EFIC, EBIA, FENA and FEMB, the furniture sector's interest groups, have made an urgent appeal to the EU – they are calling for a clear strategy.
May 06 2021
The "inconsistent measures" would lead to uncertainty and difficulties. In their open letter, the stakeholders of the furniture sector also urge a commitment to an open internal market, faster vaccinations and clear rules for the organisation of trade fairs.
The appeal comes from the interest groups EFIC, EBIA, FENA and FEMB*. The Corona crisis is not the only reason why the industry is under pressure: it also faces rising raw material prices, a shortage of urgently needed materials and problems in logistics.
Clear guidelines wanted
"We hope that the decision-makers will take the concerns from the business community seriously and make their approach more purposeful and uniform," says Roman Eberharter, who is involved in this initiative as president of FENA. In his view, involving the business community in the design of measures is indispensable. "Such a crisis can only be solved together." The Managing Director of the Tyrolean company Betten Eberharter has been President of FENA since last autumn - this Brussels-based organisation represents the interests of around 100,000 furniture retailers.
In principle, he sees good chances that the industry will quickly come out of the crisis. "In principle, the industry can very quickly return to pre-crisis times and I assume that the overall economic situation within the EU will also improve significantly again in the coming year".
Sector with a big impact
The furniture sector is of great importance for the EU: with an annual turnover of about 96 billion euros, about 120,000 companies and a total of about one million employees, this sector is one of the cornerstones of the European economy. The previous year, however, brought cuts, with furniture production in the EU falling by 7.4 per cent; the furniture trade also had to accept declines, some of which were severe. The furniture industry is also characterised by the complex interlocking of the various players:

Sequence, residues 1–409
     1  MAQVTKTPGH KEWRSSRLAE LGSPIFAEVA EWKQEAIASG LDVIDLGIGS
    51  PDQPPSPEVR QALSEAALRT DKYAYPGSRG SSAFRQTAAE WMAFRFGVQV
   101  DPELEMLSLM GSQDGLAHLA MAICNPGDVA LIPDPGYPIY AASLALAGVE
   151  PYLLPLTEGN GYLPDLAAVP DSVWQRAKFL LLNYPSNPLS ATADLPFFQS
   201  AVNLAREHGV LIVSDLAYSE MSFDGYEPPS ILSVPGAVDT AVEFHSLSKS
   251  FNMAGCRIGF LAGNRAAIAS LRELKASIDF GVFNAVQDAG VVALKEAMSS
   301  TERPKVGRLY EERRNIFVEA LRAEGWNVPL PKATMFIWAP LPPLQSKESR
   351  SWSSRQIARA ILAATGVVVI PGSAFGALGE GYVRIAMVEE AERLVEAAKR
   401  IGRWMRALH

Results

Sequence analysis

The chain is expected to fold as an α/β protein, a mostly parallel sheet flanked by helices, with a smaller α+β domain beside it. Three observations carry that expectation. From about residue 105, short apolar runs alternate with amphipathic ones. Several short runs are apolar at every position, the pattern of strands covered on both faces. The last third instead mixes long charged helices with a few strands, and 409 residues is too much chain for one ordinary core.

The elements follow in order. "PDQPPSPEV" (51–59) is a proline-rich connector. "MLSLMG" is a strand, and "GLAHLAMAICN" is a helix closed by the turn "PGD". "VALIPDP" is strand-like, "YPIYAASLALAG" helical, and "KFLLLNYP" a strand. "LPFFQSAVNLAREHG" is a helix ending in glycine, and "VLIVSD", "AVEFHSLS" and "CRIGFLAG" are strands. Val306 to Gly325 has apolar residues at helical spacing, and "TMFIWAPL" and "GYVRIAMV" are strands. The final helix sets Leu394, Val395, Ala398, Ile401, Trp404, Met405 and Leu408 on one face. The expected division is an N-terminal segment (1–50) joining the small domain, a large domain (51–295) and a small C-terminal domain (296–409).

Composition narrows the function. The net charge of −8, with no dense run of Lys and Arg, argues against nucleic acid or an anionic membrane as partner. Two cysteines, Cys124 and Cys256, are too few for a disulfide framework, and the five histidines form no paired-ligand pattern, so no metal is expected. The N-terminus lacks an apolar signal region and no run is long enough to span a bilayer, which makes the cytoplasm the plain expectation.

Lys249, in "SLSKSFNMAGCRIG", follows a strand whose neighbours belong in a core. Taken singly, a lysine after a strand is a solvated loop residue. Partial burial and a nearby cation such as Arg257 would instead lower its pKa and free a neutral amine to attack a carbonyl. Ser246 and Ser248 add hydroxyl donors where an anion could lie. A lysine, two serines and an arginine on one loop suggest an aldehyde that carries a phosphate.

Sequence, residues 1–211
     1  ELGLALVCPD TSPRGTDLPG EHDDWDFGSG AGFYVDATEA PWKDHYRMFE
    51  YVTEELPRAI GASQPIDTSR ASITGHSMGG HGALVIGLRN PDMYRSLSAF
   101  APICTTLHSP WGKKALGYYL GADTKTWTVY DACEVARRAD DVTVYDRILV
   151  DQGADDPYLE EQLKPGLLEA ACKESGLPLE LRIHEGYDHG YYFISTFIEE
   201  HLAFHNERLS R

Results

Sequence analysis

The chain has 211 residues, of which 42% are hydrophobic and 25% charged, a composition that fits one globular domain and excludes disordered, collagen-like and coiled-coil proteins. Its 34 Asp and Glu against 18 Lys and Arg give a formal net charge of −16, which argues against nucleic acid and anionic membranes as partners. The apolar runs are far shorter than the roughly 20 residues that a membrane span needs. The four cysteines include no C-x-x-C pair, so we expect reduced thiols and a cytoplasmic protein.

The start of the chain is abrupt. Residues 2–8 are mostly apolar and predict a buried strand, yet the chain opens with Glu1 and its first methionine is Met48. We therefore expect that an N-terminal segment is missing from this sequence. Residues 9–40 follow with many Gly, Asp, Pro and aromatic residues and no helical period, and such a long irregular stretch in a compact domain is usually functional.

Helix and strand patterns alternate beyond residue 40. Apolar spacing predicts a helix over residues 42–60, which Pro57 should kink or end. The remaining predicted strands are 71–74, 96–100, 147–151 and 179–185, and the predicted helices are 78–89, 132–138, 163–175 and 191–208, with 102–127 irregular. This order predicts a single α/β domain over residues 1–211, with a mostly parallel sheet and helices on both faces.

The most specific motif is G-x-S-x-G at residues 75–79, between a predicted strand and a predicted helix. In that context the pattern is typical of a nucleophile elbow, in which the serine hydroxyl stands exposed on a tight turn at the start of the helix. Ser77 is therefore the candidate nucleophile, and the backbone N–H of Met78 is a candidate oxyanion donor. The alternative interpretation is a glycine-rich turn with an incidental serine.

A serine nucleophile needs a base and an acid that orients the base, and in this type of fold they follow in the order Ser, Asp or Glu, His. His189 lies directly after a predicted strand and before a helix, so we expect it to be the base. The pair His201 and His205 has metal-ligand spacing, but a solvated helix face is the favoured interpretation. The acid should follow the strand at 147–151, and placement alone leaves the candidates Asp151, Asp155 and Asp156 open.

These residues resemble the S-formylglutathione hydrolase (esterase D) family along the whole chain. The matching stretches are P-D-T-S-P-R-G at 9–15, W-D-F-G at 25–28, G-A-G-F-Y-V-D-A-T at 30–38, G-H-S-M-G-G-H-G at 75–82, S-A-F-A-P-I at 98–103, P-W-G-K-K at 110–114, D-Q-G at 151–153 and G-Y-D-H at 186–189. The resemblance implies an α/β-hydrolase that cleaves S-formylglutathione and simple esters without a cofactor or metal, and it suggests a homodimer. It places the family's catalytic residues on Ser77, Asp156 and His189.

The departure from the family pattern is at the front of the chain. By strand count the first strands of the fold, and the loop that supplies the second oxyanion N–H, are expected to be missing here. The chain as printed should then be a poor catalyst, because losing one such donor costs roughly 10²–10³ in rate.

Production, suppliers, logistics and trade are dependent on planning and need certainty for the coming months. If, on the other hand, there are no clear guidelines, the comeback of the furniture industry can be severely delayed. Added to this is the difficult situation with raw materials: Raw material prices have risen sharply in many cases, and there are also serious problems with the availability of raw materials such as wood, spring cores and chipboard. This adds to the uncertainty.
Positive about the future
Roman Eberharter is nevertheless optimistic about the future of the furniture sector: "The demand is there, and a positive trend can also be observed in the contract sector." However, the prerequisites include the introduction of the envisaged "green passport", an increase in the vaccination rate and more testing possibilities within the EU.
"This will make it easier for the economy to ramp up again, and then the raw material situation will also level off," Eberharter says. The stakeholders' open letter also addresses the EU's Green Deal aspirations and the transition to a circular economy: In order to achieve these goals, a rapid recovery is necessary, he says.
FENA: European Federation of Furniture Retailers and Interior Designers
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